August 24, 2012
Cocoa plants to be distributed to farmers next month

Sixty thousand cocoa plants are expected to be ready for distribution to farmers by mid-September.{{more}}

Manager of the St Vincent Cocoa Company Andrew Hadley gave confirmation of this on Tuesday, during a tour of the cocoa nursery located at the Orange Hill Propagation Centre.

“We don’t want to try and re-invent the wheel. In other words, we are using land and resources in which the ministry (of Agriculture) has to get the plants ready to go out.

“I’m very, very happy with the results that we’ve got so far. As you can see, we have 40,000 plants ready,” Hadley told officials of the Ministry of Agriculture and the media.

When planting cocoa for the first year, Hadley stressed that shade will be the most important factor.

He explained that without shade, the cocoa plants will “dry up, burn and die.”

“So, the preference for farmers to receive the plant material, must go to farmers who have shade in their fields already.

“That is the most important factor. Because we don’t want to plant these plants and they die in the field because they had no shade,” Hadley stated.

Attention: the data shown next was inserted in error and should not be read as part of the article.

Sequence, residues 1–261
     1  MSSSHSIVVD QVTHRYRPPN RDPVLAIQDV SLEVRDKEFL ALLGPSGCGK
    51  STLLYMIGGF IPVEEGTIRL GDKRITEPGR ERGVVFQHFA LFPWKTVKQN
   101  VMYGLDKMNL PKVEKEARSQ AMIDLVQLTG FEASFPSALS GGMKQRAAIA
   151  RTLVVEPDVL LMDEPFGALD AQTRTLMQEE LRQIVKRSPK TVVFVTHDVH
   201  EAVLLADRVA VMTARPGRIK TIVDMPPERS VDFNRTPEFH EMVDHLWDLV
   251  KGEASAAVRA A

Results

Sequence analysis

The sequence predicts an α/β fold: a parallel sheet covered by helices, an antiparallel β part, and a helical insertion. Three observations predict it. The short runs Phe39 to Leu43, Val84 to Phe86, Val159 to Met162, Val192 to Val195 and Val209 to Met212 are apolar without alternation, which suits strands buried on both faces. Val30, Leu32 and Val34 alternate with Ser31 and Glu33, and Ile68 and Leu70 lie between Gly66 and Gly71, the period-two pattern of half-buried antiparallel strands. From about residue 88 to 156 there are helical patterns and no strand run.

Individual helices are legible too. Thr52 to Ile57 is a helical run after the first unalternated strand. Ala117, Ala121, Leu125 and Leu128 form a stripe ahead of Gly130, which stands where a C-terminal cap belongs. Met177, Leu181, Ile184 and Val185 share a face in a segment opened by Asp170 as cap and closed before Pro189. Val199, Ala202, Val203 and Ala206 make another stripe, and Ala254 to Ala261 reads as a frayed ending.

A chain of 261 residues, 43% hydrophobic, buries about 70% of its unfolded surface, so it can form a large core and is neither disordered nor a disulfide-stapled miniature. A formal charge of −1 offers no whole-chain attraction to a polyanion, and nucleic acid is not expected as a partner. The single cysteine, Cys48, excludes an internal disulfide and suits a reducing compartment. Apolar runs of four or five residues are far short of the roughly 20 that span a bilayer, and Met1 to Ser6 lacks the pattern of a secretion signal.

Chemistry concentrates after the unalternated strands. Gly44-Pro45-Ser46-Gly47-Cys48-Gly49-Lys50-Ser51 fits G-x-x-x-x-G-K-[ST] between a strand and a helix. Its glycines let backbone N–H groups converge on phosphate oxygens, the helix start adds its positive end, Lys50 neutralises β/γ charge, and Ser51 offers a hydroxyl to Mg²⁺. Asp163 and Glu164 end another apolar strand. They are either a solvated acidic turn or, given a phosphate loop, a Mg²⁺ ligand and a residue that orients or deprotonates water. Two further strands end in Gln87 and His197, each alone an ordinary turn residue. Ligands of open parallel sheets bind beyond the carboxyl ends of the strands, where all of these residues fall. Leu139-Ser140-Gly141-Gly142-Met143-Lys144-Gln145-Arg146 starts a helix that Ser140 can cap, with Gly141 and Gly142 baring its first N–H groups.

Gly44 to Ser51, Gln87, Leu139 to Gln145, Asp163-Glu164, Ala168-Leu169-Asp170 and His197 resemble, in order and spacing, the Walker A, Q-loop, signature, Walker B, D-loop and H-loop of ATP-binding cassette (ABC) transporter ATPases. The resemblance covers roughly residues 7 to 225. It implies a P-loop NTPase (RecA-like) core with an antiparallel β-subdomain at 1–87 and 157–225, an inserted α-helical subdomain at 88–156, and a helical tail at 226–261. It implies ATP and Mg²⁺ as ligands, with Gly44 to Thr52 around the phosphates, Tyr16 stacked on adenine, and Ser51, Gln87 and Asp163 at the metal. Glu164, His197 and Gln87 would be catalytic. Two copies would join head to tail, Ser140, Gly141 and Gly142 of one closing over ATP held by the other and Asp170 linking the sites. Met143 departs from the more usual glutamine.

The cocoa company manager also made it clear that the cocoa project is progressing and they are “ready to go.”

It was revealed that by end of the year, a total of 120 acres of cocoa will be planted.

“By next year, with the

collaboration with the ministry, we should go up to at least 800 to 1,000 acres,” Hadley.

Alistair “Ras John” John, a landscaper and nursery producer who has been working in collaboration with the Cocoa Company, described the cocoa project as an “important diversification” for farmers here.

John, who says he’s been involved in the cocoa industry from a tender age – after being around his father, who was also a cocoa planter, is encouraging other persons to become involved, because of the financial benefits that can be gained.

“In this industry, I know we can make a lot of money. Boost up the country’s economy, because right now, the farmers them need some serious help. And I will like to see the farmers make some money and the investors at the same time, because it’s not right that the investors make the money and the farmers don’t make no money…,” he said.

Ras John also advised the authorities to ensure that the project is properly managed for the benefit of all involved.

“It’s a very good project. I’m involved in the nursing of the plants and I have a lot of seeds [at] home and germination [is] going on fine and nice…

“I will encourage farmers to just go brave and do the right things. Don’t be afraid to work hard. Hard work brings success… this is our livelihood and we have to make money out of it,” John added. (AA)